Each step will run when an event triggers it. For example, you could have a step which performs linting, but only when a pull request is raised. You could also have it deploy a version of your code to a staging/testing environment before it is merged into your main branch, and then roll out to production after it is merged.
Drone also has a number of plugins so that you don’t need to define every step yourself. For example, it already has plugins for Ansible and Hugo, as well as sending notifications to a number of platforms (Slack, Matrix, Telegram etc).
To ensure that all of my Ansible and Salt configuration was ready to be used with a CI platform (Drone in my case) then it needed a huge refactor. The requirements were: -
- Drone (or any other CI tool or automated process) can run them
- Ansible must use roles
- The CI job must run against all hosts and with all the necessary roles
- This ensures all necessary changes go out at once, not when I remember to run them!
- Ansible and Salt must be idempotent (i.e. running the Playbooks/States again does not fail or make further changes)
- Tasks/actions only run when required (i.e. do not restart a service on every run, only when the configuration/version changes)
I have been using and working with containers for about the past 6 years, and have run a few on my personal infrastructure previously. However it was all very ad-hoc, no consistency, and most of the applications I run were still native packages and/or installed inside virtual machines. Examples of those which I have ran on VPSs/Virtual Machines which could very easily be in containers are: -
- Hugo (for hosting this blog)
- Read-it-later services
During this overhaul, I moved all of the above services, and added some other services too in the process.
Now the big question people may ask is am I running all of this on Kubernetes? The answer is not yet. I am comfortable with Kubernetes as a platform, having managed and deployed the platform and applications on Kubernetes in multiple companies now. However I don’t feel like my infrastructure is quite ready for it yet (having two home servers goes against the idea of quorum for a start!), and it would require refactoring everything about my personal infrastructure. Given how long it has taken me to find the time to fix all the current issues with my infrastructure, a full refactor isn’t on the cards just yet.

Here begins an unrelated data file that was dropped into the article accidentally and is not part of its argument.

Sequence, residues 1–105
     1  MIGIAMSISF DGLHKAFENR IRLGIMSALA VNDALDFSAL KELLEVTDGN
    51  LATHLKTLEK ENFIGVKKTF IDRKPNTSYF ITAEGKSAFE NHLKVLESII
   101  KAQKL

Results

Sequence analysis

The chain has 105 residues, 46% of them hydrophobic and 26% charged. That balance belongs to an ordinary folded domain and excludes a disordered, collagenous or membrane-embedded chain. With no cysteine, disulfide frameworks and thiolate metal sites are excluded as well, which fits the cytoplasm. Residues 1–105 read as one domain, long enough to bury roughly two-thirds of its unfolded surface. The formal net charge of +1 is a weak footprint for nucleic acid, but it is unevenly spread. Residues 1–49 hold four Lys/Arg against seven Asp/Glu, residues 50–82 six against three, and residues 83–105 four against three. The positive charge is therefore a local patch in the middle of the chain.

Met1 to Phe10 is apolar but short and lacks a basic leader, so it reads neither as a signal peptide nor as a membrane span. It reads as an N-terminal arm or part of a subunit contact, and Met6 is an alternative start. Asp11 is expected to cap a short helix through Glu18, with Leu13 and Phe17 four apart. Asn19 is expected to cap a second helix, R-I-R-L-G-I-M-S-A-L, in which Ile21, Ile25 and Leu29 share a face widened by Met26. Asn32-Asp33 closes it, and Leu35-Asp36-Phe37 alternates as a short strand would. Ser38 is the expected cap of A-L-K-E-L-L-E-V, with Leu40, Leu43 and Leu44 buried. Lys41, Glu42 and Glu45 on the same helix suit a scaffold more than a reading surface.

More to come
There is a lot to cover in what has changed, especially on the configuration management side. Rather than try and put this all into one huge post, this will be split out into: -
- Moving from basic Ansible Playbooks to using Roles
- Improving my Salt configuration files
- Managing dependencies and optional tasks/actions in both Ansible and Salt
- Setting up Drone
- Using Drone with Ansible and Salt
- Using Drone with Go to build releases
- Using Drone to run tasks on OpenBSD
- Using Drone to build this website (including some useful linting/checking)
- Managing secrets that can be used by Ansible, Salt and Drone
- Additional services that provide benefits to my home and personal infrastructure
- What else I want to do in future
A lot of these posts are not specific to my home infrastructure, and should hopefully provide benefit to anyone using Ansible, Salt, Drone, or those who just like reading about other people’s home labs (like me!).